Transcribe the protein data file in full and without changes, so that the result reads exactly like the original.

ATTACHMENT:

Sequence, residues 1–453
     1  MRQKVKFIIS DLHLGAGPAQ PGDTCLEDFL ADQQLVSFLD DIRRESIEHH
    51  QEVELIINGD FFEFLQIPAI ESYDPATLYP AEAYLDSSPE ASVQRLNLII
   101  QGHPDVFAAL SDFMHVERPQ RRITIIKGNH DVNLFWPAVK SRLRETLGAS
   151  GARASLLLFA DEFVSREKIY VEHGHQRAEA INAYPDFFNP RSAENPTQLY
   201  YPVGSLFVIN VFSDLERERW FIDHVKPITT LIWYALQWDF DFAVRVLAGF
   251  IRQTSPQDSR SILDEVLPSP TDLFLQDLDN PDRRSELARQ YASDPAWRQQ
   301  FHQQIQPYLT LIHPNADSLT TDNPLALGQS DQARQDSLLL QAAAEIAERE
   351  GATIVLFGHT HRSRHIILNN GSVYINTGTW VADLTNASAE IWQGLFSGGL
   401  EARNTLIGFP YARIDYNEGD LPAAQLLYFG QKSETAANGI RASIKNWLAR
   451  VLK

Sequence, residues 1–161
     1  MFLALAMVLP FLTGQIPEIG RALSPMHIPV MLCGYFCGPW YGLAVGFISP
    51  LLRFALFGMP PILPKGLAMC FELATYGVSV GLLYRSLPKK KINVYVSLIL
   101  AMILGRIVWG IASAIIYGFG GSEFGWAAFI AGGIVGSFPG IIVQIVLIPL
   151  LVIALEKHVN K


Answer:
Sequence, residues 1–453
     1  MRQKVKFIIS DLHLGAGPAQ PGDTCLEDFL ADQQLVSFLD DIRRESIEHH
    51  QEVELIINGD FFEFLQIPAI ESYDPATLYP AEAYLDSSPE ASVQRLNLII
   101  QGHPDVFAAL SDFMHVERPQ RRITIIKGNH DVNLFWPAVK SRLRETLGAS
   151  GARASLLLFA DEFVSREKIY VEHGHQRAEA INAYPDFFNP RSAENPTQLY
   201  YPVGSLFVIN VFSDLERERW FIDHVKPITT LIWYALQWDF DFAVRVLAGF
   251  IRQTSPQDSR SILDEVLPSP TDLFLQDLDN PDRRSELARQ YASDPAWRQQ
   301  FHQQIQPYLT LIHPNADSLT TDNPLALGQS DQARQDSLLL QAAAEIAERE
   351  GATIVLFGHT HRSRHIILNN GSVYINTGTW VADLTNASAE IWQGLFSGGL
   401  EARNTLIGFP YARIDYNEGD LPAAQLLYFG QKSETAANGI RASIKNWLAR
   451  VLK

Sequence, residues 1–161
     1  MFLALAMVLP FLTGQIPEIG RALSPMHIPV MLCGYFCGPW YGLAVGFISP
    51  LLRFALFGMP PILPKGLAMC FELATYGVSV GLLYRSLPKK KINVYVSLIL
   101  AMILGRIVWG IASAIIYGFG GSEFGWAAFI AGGIVGSFPG IIVQIVLIPL
   151  LVIALEKHVN K